In consequence of orders recently issued by the Emperor of Austria, the Gun-Cotton used for bursters of hollow projectiles is to be taken out of the latter, and together with whatever may be in store, either sold by auction or destroyed. The great danger of explosion in this material when thus employed seems to have been the motive of this measure.
Besides the stubborness of this agent, its incapability of modification, it is the low igniting temperature of Gun-Cotton, and finally, its higher price, higher to the extent of from one-tenth to one-fourth, it is these three weighty circumstances which form so great and well grounded an obstacle against its introduction in the place of Gunpowder. The last of these primary objects might be removed, in case the price of raw cotton should sink again; the other two defects, however, are incorrigible, because Gun-cotton is a fixed chemical combination, inaccessible to the slighest alteration, just as much as carbonic acid, nitrate of silver, or a thousand other chemical combinations or preparations.
No reliance can be placed on the effects of Gun-Cotton. Experiments, repeated a thousand times, have shown that Gun-Cotton, according to its various degrees of condensation, produces the most widely different results; and indeed there is a particular degree of condensation which we may call the most convenient, at which the highest power of propul. sion is attained. Above this limit, no less than below it, the effects produced on the shot to be propelled, grow weaker, whilst the total effect and the damage done to the gun remain about the same. This is due to the great inclination of Gun-Cotton to approach in its effects the detonating preparations—the fulminates.
It is not, however, only density that is required in Gun-Cotton for the full effect for its propulsion; there must also be rigidity in its confinement. There must be either a firm partition or a heavy shot to block
space in front of it, or the development of the active gases must be carried on in compartments as nearly as possible hermetically sealed, until the separation of the propulsive body (nitrous oxide) is formed. It is only in this case that the force of propulsion is on a level with that of Gunpowder.
As windage is annihilated in rifled fire-arms, it is possible that this may be the case with Gun-Cotton in them as the motive force; but, on the other hand, if the object in front is inconsiderable, or the confinement not complete, as in the case of smooth bore cannon and muskets, and especially in the case of sporting small sbot, the force of the propul. sion is insignificant and might almost be set down as zero. The reason is that in such circumstances, the separation of the nitrous oxide then formed, cannot take place.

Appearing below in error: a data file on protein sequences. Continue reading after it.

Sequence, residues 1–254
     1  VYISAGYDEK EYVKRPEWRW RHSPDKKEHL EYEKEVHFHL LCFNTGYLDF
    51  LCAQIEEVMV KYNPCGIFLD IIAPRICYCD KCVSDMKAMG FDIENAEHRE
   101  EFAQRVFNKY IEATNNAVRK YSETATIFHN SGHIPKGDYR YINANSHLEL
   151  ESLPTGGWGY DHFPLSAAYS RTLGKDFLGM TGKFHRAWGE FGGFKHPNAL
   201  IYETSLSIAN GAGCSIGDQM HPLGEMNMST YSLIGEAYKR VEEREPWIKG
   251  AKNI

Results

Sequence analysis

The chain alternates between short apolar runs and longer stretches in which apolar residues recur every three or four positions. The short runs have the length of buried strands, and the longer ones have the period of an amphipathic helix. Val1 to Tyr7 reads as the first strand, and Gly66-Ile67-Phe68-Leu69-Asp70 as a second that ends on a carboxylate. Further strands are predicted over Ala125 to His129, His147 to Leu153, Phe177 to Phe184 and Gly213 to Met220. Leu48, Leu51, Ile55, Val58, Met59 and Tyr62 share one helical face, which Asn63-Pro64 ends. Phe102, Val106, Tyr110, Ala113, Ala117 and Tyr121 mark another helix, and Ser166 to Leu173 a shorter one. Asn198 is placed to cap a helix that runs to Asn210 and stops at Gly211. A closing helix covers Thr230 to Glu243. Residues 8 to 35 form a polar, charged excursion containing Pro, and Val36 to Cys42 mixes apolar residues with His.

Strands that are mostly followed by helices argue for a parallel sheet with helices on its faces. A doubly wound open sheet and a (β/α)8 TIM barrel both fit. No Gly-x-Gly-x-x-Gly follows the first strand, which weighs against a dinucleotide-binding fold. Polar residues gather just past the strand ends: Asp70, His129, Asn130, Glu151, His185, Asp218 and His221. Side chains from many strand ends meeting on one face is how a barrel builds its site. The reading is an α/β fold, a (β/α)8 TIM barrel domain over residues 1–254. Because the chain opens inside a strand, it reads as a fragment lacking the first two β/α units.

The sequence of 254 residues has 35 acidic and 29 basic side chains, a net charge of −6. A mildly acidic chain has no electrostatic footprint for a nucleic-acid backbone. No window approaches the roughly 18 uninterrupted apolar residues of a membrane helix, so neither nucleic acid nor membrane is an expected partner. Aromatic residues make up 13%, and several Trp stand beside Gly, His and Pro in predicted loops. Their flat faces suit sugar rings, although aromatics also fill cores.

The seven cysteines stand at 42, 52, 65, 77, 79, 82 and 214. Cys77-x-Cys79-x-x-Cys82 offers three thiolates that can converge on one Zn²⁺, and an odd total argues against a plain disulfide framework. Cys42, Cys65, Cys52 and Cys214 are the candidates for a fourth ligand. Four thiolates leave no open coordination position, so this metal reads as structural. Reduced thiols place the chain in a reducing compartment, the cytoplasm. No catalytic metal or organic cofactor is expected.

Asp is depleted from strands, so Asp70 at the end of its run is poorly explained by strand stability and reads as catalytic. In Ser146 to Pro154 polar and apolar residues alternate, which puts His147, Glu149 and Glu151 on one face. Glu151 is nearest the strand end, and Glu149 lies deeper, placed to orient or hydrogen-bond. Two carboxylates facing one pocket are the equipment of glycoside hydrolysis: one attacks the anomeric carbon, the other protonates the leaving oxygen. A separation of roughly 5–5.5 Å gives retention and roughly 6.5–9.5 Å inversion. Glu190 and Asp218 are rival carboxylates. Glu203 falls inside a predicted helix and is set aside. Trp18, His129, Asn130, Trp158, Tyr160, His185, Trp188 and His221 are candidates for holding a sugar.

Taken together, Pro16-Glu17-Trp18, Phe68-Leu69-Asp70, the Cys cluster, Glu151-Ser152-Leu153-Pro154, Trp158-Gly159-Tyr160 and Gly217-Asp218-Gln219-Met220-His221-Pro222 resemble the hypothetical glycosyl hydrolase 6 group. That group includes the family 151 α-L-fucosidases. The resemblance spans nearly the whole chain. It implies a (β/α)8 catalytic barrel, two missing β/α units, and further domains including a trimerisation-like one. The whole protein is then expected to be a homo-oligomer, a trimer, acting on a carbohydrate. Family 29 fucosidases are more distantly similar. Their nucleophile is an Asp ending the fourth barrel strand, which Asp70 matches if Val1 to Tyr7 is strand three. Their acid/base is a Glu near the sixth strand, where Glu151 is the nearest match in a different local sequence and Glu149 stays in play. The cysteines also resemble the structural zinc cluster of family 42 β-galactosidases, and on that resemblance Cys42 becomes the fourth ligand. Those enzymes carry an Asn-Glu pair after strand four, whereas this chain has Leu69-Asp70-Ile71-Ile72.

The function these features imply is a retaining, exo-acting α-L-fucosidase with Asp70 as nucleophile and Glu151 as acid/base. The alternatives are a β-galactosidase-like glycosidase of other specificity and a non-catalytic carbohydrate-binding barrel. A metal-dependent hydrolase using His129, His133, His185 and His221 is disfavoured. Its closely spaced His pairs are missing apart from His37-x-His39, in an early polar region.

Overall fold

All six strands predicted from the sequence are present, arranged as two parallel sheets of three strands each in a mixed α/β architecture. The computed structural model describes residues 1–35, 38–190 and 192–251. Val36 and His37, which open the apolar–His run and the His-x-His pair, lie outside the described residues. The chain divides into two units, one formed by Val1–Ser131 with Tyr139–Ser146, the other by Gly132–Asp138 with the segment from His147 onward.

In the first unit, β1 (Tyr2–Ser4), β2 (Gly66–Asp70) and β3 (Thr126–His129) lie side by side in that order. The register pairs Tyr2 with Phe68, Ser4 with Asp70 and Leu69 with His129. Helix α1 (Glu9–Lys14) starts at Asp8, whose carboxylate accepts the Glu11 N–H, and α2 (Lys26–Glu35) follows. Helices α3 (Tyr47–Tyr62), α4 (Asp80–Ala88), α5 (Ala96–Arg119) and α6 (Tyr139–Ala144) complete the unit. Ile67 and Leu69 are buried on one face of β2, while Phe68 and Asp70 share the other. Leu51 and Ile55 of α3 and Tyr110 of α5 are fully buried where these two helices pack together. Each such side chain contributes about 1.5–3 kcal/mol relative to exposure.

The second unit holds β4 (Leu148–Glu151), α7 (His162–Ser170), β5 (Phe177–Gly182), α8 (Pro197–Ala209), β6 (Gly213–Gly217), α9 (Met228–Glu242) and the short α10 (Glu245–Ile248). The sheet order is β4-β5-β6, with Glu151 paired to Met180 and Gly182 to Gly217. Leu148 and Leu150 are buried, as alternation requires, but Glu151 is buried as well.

The chief reason why Gun-Cotton will never be able to drive Gun. powder out of the field, lies in its products of combustion ; and as all its gases are generated almost instantaneously, they assume a vastly increased volume with the utmost suddenness. With this, however, all their work is done, and no sustained effort is put forth, nor is there any expansion of the volume of the gases to speak of.
It has been tried to check this combustion; but even though the rate of the combustion of Gun-Cotton is retarded by artificial means-as by winding it round a wooden plug, &c., the nature of Gun-Cotton must always remain the same, the entire effect of its gases will be exhausted with the first impulse. If the projectile is moved from its position by this first impulse, then the gases generated afterwards hardly spend any of their effect on the shot, but act with all their force on the contiguous parts, that is, the walls of the gun. Consequently, by delaying the action of the force by retarding the combustion, we only diminish the effective force brought to bear upon the shot; it does not alter the nature of the force itself, which as we have said, is essentially of a blasting or bursting character, similar to that of detonating preparations.
The result of this state of things with respect to Gon-Cotton is rather curious. A given quantity of it, which in a rock of firm texture exerts three or four times as much power as the same quantity of Gunpowder, will in the case of rifled cannon, when cartridges made of wooden reels surrounded with Gun-Cotton are applied, only put forth two and a half times the force of the same kind and quantity of Gunpowder in question; and in the case of smooth bore cannon with a weak resistance on the part of the projectile, it exercises a much smaller etlect still than the same quantity of powder. This proves the assertion that even in the case of a rifled bore, not the entire force, but, owing to the retardation of the combustion, only a part of it, and in the smooth bore cannon a far smaller part of the force is brought to bear upon